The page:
Source: U.S. Marine Corps
Reading Time: 4 minutes

After receiving more than $50 million in government contracts, a company that once promised to revolutionize warfare with a weapon that shoots lightning bolts is seeing its hopes for further federal funds vaporized.

The U.S. Marine Corps recently ended a contract with Applied Energetics, a Tucson-based firm that has been working for years on directed energy weapons for the military, iWatch News has learned. The company’s efforts were detailed earlier this year in a Center piece on the Pentagon’s troubled unit designed to fight roadside bombs, the Joint Improvised Explosive Device Defeat Organization, or JIEDDO.

The terminated Marine contract was for an Applied Energetics weapon designed to zap roadside bombs with bolts of lightning guided by ultra-short pulsed lasers; the company’s work on the weapon and similar systems had attracted $54 million in federal funds since 2005.

The latest contract was terminated “for convenience of the government due to the material solution not adequately meeting the requirement,” wrote Jim Katzaman, a spokesman for Marine Corps Systems.

On a conference call with investors Tuesday, however, the company said only that it had completed work under the Marine Corps contract earlier this year.

At the heart of Applied Energetics’ technology is an old idea: using a Tesla Coil-like device to shoot artificially created lightning. Such technology could, in theory, be used to pre-detonate improvised explosive devices, or IEDs, the roadside bombs that remain the leading killer of U.S. troops in Afghanistan.

Over the years, however, Applied Energetics has for critics become a poster child for failed efforts that relied on technological solutions to defeat the bombs.

Formerly known as Ionatron, the company was founded in 2002 during the early days of the war on terror, when it marketed its technology as a Star Trek-style phaser that could shoot bolts of lightning at potential enemies. It received early funding from In-Q-Tel, the CIA’s venture capital arm, and caught the attention of senior Pentagon officials, including then-Deputy Defense Secretary Paul Wolfowitz.

The company later changed its name to Applied Energetics, and switched its focus to a technology that could counter roadside bombs. In its new incarnation, the weapon was placed on a vehicle, which would then fire bolts of lightning at IEDs.

But the technology had a mixed record, at best.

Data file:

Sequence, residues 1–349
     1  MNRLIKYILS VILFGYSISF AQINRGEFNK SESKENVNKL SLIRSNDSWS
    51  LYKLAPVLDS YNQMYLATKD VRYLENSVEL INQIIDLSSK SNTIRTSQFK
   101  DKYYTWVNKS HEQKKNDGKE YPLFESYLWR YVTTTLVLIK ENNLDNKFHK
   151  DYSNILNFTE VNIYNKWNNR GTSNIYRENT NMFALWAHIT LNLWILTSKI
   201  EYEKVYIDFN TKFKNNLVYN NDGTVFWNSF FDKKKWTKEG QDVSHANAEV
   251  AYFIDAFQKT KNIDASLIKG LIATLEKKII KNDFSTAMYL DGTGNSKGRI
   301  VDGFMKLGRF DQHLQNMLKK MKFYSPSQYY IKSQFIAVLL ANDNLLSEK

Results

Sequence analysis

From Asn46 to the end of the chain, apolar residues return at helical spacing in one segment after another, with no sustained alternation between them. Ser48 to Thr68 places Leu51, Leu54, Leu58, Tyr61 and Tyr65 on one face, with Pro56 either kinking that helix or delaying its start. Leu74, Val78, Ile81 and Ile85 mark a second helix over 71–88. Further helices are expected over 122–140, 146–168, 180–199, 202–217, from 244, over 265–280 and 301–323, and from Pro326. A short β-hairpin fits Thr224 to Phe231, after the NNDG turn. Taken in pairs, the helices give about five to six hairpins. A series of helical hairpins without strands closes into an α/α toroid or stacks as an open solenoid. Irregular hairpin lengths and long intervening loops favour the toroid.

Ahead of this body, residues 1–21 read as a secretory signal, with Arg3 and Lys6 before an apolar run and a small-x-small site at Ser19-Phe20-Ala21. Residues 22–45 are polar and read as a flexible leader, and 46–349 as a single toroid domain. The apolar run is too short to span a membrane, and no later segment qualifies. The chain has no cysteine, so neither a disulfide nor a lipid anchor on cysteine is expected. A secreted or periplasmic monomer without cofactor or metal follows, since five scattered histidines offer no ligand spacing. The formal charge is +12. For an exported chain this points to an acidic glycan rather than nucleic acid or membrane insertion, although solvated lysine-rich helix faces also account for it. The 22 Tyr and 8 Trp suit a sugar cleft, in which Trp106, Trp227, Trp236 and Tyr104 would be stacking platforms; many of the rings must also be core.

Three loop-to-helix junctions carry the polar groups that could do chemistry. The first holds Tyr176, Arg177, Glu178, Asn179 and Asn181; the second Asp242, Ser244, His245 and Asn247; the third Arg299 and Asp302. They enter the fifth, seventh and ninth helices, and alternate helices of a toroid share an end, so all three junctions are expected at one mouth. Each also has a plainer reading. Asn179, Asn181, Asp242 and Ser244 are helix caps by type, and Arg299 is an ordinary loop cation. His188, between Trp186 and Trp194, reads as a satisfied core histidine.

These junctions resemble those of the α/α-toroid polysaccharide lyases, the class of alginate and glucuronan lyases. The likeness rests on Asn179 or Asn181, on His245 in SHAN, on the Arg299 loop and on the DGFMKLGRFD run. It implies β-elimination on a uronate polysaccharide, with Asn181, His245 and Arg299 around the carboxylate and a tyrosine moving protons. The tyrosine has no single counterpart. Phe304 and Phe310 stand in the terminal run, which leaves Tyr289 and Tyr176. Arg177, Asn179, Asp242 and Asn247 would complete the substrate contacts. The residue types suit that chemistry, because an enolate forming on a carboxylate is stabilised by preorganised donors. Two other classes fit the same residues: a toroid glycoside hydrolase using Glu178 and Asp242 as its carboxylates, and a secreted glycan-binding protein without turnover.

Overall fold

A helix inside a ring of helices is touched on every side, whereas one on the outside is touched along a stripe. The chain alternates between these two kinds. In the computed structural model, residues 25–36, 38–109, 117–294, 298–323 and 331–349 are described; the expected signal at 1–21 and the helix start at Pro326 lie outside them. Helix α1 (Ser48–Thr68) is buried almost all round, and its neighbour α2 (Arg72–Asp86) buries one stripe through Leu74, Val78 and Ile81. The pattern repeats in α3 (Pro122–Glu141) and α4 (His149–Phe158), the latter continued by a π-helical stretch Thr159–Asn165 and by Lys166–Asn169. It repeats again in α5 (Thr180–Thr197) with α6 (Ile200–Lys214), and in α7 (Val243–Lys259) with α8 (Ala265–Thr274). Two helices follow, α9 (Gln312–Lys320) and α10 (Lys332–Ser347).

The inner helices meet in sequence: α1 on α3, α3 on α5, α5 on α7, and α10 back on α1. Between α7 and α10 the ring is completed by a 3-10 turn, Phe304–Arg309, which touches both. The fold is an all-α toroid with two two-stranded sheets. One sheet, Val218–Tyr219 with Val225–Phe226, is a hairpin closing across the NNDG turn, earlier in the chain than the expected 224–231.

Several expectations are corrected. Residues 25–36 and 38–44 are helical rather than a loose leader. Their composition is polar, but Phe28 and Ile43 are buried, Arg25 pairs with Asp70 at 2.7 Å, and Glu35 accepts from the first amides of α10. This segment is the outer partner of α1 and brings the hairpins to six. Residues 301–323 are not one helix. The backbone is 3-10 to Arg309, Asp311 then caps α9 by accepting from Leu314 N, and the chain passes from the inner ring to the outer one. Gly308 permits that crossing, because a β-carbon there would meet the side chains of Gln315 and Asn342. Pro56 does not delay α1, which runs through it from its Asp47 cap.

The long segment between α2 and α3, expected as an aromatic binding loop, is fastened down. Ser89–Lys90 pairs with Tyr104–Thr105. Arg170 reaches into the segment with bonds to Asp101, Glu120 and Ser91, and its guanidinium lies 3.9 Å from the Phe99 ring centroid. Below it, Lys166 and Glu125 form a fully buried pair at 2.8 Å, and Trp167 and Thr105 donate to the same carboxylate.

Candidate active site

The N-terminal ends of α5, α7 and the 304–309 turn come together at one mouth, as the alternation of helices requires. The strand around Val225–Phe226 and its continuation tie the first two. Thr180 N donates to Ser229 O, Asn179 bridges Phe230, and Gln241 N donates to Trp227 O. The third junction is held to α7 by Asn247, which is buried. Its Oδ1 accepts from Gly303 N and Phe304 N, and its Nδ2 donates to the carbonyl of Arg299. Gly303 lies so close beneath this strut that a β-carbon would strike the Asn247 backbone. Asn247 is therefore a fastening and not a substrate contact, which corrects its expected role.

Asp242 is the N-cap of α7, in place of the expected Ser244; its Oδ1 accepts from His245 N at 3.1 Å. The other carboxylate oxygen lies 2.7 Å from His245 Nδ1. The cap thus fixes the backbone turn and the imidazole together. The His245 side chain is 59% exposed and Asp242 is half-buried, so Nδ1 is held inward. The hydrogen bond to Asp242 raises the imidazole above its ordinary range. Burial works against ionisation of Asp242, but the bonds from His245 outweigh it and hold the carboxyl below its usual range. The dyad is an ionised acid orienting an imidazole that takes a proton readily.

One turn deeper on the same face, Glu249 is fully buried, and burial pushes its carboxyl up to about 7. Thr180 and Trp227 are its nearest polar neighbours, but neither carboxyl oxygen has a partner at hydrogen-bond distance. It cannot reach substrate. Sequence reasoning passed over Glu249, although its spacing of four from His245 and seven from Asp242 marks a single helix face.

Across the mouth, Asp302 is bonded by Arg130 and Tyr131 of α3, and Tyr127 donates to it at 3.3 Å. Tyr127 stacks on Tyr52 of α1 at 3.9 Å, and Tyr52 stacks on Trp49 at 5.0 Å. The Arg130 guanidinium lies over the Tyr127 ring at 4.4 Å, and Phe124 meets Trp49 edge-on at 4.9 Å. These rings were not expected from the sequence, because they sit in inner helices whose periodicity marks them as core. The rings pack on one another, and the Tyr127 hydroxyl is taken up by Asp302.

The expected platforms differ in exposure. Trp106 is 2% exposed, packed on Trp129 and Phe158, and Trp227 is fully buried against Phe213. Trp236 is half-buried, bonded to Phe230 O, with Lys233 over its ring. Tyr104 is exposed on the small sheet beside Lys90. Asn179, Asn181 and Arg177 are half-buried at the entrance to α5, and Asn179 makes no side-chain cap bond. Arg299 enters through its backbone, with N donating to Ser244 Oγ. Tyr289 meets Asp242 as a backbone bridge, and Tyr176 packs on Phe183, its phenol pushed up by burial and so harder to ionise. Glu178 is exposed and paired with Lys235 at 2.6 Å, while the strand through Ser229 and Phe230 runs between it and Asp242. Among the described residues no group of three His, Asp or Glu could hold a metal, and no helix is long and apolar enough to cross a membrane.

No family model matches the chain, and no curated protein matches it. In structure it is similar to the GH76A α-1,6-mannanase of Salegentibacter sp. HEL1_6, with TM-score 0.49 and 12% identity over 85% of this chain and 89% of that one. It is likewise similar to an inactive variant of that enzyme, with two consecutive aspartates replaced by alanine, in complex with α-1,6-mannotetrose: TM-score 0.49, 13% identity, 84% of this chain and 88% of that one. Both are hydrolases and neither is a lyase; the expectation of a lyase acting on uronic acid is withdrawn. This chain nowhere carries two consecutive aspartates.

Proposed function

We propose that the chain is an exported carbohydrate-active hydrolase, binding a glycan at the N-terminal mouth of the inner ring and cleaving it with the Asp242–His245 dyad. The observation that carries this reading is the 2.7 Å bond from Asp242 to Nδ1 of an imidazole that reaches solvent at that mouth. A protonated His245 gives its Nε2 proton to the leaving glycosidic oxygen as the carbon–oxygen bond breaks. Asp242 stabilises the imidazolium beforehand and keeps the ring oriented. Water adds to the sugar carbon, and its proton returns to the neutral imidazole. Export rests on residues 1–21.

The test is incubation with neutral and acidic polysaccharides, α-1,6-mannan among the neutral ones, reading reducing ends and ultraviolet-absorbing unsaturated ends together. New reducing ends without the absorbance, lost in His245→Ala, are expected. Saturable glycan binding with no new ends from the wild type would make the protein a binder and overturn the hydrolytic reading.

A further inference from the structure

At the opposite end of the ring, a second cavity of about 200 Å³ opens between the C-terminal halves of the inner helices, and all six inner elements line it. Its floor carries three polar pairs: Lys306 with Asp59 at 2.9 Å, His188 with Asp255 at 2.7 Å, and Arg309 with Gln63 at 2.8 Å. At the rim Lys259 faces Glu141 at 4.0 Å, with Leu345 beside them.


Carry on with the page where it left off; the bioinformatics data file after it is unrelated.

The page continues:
A 2007 report in The Washington Post described the sometimes comical attempts to test and field the company’s Joint IED Neutralizer, known as JIN. That same year, JIEDDO ended the JIN contract “for a failure of the system to meet desired performance criteria,” wrote Irene Smith, a JIEDDO spokeswoman, in response to questions.

Despite those failures, the company continued to receive noncompetitive Pentagon funding, thanks in large part to congressional support, incuding a $400,000 earmark from Republican Sen. Thad Cochran (R-Miss.) According to JIEDDO, Congress in 2007 told the Marine Corps to take a new look at the technology; the Marine Corps tested the system, this time on mine rollers — World War II-era devices attached to the front of vehicles to explode pressure-detonated mines and bombs. The combination of the JIN and the roller was dubbed a JOLLER.

According to figures provided by JIEDDO, $24 million of the office’s money was spent on the JIN system, and then another approximately $30 million on development and testing of the Joller. In 2010, JIEDDO handed the project over to the Marine Corps.

Applied Energetics announced last year it was receiving a $10.4 million contract from the Marine Corps for “operational support” to deploy the weapon on Marine Corps and Army vehicles, but released few other details. “Due to the sensitivity of the effort, the Customer has requested that no additional details regarding this contract be publicly disclosed,” the company stated.

The company, for its part, denies the Marine Corps’ characterization of the contract cancellation. “The Marine Corps did not Terminate for Convenience,” Kevin McGrath, a spokesman for the company, wrote in an email. “A Termination for Convenience comes before a contract is complete or fulfilled, which did not occur.”

McGrath did not address the Marine Corps’ statement about the technology not fitting the military’s requirement, or why the information was not discussed in this week’s conference call.

The Marine Corps says that the term “cancellation for convenience” is simply a way to describe what happened: it had prepared a new $3 million contract for Applied Energetics on a sole-source basis. “On the day the contract was ready for approval and signature, the commander in the field cancelled the requirement,” wrote Katzaman, the Marine Corps spokesman.

The Marine Corps ended up paying $187,000 to the company to cover cancellation costs.

The Marine Corps’ rejection of the technology follows a series of missteps for the company, which, despite government support and private investment, has faced mounting losses and legal problems in recent years. In 2007, family members of the former CEO settled with the Securities and Exchange Commission charges of insider trading related to the company. In 2009, the company paid out over $5 million to settle a class action lawsuit brought by investors claiming the lightning gun maker misled shareholders by not revealing problems with its weapon.

The company acknowledged declining revenues in its Tuesday conference call with investors, as well as a 22 percent reduction in its workforce in July, but made no mention of problems with its Marine Corps contract. Joseph Hayden, president of Applied Energetics, said that the company was still waiting to hear from the military about its evaluation and need for the counter-IED system.

“Those folks have a lot on their hands with the drawdown,” he said.

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